Linked by snydeq on Tue 16th Aug 2011 16:46 UTC
Web 2.0 InfoWorld's Peter Wayner discusses the 11 hard truths Web developers must accept in making the most of HTML5 -- especially those who are looking to leverage HTML5 in hopes of unseating native apps. 'The truth is, despite its powerful capabilities, HTML5 isn't the solution for every problem. Its additional features are compelling and will help make Web apps formidable competitors for native apps, but security issues, limitations of local data storage, synchonization challenges, and politics should have us all scaling back our expectations for the spec.'
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deathshadow
Member since:
2005-07-12

I did learn the basics. I spent hours fighting with it trying to make it work (and mostly failing because it was far from intuitive). The only thing that learning the basics did was increase my desire to replace the entire "web" stack, from HTTP all the way up.

You probably were either learning from the wrong sources (VERY likely, lots of web rot out there) or failed to grasp how important semantic non-presentational markup is to using CSS properly. There's a saying I use a lot -- CSS is only as good as the HTML it's applied to. If you're still vomiting up HTML 3 style presentational markup (a disastrous mess that should never have been allowed in the first place) applying CSS is just going to result in a bloated mess. You start throwing classes and ID's on EVERYTHING instead of using one convenient parent tag and it's going to be a disaster as well...

Really though, saying the APPEARANCE on every element in the markup defeats the point of HTML -- saying what things are so the USER AGENT can best determine how to show it. As another saying goes "If you choose your HTML based on the default appearance of the tags, you're using HTML wrong!" -- and that dates back to HTML 2. We got away from that with HTML 3 during the browser wars, and HTML 4 Strict was supposed to drag us back on track. (and now HTML 5 is just 3 in drag, worse than 4 Tranny as it least it was on hormone therapy getting ready to go under the knife)

But then, the markup alone is where a LOT of people screw up their pages -- concentrating on the appearance before they even have semantic markup of the content (or a reasonable facsmile) with a logical document structure... That's the approach I've been advocating for design over the past half decade or so... Semantic markup of content FIRST -- that way you know it's accessibile to EVERYTHING with tags saying what things ARE. THEN bend that markup to your will creating the layout in CSS for each of your primary media targets -- Screen, Handheld, Print (and now screen+width for smartphones/tablets).... then and only then boot up the goof-assed paint program like Photoshop to create the graphics you'll hang on the layout. (and with CSS3 even that looks to get a swift boot in the patoot).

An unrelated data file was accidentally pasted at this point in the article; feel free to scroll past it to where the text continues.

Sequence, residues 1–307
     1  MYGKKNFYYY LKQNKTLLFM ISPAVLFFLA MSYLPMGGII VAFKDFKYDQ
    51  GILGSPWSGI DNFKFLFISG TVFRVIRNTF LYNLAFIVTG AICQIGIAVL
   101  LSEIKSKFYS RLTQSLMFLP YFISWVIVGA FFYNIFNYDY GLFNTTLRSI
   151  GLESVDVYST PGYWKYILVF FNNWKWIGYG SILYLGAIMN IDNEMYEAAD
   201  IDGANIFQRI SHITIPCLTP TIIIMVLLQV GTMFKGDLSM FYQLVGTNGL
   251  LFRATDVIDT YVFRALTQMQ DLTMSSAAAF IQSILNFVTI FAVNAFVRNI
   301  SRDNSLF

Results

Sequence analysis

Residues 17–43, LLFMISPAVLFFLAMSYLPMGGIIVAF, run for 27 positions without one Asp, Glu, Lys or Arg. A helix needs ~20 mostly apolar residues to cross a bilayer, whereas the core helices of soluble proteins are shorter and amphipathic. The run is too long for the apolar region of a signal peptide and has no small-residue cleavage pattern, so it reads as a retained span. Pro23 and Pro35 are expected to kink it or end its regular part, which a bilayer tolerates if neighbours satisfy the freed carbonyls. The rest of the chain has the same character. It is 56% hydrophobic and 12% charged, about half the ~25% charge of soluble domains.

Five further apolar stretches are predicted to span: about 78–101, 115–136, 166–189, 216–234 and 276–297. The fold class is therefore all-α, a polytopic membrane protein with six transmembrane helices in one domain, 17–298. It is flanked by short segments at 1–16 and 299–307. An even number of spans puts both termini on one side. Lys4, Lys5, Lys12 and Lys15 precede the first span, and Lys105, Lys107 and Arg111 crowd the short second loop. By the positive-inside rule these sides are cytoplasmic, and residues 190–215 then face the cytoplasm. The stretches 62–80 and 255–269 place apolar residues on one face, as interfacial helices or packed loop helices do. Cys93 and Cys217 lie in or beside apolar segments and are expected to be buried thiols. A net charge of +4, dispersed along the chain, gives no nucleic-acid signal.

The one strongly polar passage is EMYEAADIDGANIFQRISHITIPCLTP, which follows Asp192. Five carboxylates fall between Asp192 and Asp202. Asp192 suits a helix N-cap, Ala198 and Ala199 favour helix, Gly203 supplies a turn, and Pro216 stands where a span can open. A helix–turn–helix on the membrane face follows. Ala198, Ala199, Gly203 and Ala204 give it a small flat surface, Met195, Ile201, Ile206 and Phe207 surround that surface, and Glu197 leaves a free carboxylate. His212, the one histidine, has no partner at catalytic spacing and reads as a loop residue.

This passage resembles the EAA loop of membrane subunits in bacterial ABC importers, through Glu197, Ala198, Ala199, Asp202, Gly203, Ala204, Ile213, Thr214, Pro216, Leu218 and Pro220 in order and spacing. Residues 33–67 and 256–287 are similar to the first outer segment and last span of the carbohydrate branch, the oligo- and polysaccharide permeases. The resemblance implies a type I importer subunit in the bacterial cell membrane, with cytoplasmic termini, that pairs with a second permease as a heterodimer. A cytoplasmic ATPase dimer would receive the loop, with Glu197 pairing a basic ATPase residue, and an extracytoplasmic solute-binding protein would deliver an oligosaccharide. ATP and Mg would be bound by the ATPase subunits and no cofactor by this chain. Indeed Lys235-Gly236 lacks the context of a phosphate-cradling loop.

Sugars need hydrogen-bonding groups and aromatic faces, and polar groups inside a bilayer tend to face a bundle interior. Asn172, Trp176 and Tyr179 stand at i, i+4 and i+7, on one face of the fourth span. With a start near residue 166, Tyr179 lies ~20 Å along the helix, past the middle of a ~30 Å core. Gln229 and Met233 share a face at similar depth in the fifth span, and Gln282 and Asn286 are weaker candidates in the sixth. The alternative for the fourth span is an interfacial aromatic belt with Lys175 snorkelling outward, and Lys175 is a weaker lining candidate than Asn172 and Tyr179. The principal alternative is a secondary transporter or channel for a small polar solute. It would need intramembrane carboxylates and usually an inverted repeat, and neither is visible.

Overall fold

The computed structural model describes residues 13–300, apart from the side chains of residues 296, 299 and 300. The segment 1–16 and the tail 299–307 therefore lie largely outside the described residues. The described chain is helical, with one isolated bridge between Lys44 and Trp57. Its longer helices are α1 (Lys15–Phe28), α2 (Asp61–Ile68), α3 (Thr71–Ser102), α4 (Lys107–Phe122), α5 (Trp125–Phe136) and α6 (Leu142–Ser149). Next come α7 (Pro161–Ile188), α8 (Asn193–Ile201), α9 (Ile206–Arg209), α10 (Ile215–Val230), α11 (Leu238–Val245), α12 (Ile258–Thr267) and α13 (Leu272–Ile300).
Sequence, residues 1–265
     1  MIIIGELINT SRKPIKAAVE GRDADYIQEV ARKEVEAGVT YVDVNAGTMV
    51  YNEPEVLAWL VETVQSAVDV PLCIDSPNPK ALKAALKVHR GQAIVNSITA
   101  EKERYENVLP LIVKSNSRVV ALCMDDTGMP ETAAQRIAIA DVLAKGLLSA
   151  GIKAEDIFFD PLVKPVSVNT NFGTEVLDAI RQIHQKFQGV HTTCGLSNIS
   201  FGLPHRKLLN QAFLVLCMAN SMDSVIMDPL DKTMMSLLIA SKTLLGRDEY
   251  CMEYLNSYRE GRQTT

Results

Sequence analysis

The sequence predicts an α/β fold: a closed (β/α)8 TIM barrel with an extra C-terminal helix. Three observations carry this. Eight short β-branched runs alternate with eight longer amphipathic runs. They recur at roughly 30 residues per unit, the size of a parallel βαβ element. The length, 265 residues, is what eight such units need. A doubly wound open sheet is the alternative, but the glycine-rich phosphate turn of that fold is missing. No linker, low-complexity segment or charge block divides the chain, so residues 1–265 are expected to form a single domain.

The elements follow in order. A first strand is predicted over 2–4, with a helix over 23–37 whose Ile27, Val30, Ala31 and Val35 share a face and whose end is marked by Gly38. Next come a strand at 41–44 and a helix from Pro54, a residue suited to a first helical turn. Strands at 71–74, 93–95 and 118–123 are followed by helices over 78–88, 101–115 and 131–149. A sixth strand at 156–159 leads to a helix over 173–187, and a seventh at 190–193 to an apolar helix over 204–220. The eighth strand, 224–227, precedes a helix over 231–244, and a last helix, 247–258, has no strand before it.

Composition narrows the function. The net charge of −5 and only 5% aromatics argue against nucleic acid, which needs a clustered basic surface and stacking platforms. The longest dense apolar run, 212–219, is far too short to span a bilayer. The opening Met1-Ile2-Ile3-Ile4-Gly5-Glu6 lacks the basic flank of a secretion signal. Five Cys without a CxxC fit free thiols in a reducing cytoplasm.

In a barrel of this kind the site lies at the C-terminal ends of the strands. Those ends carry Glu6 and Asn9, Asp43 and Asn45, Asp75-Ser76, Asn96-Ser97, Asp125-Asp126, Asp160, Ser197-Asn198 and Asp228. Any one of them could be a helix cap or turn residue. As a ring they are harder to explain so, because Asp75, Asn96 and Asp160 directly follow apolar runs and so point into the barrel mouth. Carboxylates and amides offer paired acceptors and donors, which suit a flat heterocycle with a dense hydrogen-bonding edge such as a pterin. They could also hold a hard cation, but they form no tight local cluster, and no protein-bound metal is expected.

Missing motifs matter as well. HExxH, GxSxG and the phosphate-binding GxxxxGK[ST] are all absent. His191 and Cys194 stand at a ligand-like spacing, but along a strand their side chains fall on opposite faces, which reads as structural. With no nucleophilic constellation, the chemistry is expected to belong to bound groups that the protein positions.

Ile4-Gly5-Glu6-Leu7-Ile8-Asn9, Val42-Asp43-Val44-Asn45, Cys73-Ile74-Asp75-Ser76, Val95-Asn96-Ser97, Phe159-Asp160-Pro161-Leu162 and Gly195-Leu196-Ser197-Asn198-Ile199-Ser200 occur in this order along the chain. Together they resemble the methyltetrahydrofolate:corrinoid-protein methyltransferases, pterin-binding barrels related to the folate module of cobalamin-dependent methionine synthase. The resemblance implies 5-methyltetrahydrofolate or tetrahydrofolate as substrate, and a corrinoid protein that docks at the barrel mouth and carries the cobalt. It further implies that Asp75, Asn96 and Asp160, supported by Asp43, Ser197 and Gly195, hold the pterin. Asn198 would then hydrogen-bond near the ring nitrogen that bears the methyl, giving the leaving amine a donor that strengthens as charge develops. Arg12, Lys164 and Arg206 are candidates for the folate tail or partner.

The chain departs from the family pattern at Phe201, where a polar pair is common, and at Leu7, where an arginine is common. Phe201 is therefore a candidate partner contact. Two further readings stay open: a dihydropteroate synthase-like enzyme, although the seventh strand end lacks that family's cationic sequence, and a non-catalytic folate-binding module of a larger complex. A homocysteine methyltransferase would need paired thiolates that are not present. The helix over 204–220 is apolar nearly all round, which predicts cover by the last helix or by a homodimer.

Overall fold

It's why I laugh at the people who end up with the "but I can do it in photoshop" idiocy where they had some artist draw a pretty picture, that's COMPLETELY non-viable as a website due to fixed height elements, fixed width elements, non-tileable or stretchable elements, and areas that can't even dynamically adjust to the content inside them.

Reply Parent Score: 2

Brendan Member since:
2005-11-16

Hi,

You probably were either learning from the wrong sources (VERY likely, lots of web rot out there) or failed to grasp how important semantic non-presentational markup is to using CSS properly. There's a saying I use a lot -- CSS is only as good as the HTML it's applied to. If you're still vomiting up HTML 3 style presentational markup (a disastrous mess that should never have been allowed in the first place) applying CSS is just going to result in a bloated mess. You start throwing classes and ID's on EVERYTHING instead of using one convenient parent tag and it's going to be a disaster as well...


It's hard to remember the exact details now. What I do remember is that I was trying to use CSS to control page layout, and couldn't get the layout I wanted - I kept getting strange/unexpected results, like pieces of the layout in unwanted places and pieces superimposed on other pieces. In the end, I had to reorder the HTML and change the layout to suit CSS, rather than being able to get what I wanted.

The layout I wanted wasn't complicated either (page header, page footer, navigation menu/links at the top right, with main area in the middle). I still don't know if it's possible to have HTML in a logical order (e.g. main content, followed by "header, navigation, footer") where CSS controls layout completely.

Of course I'm not saying that CSS isn't capable of doing what I wanted (I honestly have no idea). I am saying it was far from intuitive, and that if it is possible it certainly isn't easy.

- Brendan

Reply Parent Score: 2